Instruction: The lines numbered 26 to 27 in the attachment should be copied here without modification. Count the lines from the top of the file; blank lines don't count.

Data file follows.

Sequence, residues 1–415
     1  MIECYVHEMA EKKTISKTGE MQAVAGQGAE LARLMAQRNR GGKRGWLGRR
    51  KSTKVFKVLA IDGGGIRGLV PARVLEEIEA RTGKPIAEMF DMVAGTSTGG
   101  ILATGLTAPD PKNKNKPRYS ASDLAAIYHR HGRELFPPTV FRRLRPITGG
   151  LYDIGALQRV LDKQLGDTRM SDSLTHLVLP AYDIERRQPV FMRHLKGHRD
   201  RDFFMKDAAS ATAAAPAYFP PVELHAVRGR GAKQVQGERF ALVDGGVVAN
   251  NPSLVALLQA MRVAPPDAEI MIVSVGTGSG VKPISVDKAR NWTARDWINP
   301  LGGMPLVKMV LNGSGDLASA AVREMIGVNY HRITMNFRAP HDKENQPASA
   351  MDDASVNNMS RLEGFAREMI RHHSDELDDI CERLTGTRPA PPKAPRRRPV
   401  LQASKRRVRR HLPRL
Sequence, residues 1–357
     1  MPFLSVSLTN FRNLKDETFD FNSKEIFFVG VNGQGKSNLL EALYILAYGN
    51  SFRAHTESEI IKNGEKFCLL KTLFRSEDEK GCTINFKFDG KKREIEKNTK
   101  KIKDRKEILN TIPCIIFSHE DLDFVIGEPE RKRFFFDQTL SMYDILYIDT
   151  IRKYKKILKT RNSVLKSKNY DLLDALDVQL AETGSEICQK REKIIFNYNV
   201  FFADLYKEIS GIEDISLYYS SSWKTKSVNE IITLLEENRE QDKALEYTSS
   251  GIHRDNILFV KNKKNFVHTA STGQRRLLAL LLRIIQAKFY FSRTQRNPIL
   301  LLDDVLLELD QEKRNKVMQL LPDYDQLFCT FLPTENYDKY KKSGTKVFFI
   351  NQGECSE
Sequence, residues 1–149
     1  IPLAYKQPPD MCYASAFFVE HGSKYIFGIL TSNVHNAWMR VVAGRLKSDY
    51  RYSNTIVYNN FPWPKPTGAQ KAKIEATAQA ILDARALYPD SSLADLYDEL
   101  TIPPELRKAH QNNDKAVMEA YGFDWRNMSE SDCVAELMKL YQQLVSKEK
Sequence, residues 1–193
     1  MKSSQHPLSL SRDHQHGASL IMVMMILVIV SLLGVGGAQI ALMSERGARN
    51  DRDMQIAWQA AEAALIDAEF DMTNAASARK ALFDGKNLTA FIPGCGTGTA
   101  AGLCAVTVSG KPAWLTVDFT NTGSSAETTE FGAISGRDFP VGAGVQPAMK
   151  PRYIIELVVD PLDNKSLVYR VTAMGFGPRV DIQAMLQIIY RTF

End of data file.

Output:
    51  DRDMQIAWQA AEAALIDAEF DMTNAASARK ALFDGKNLTA FIPGCGTGTA
   101  AGLCAVTVSG KPAWLTVDFT NTGSSAETTE FGAISGRDFP VGAGVQPAMK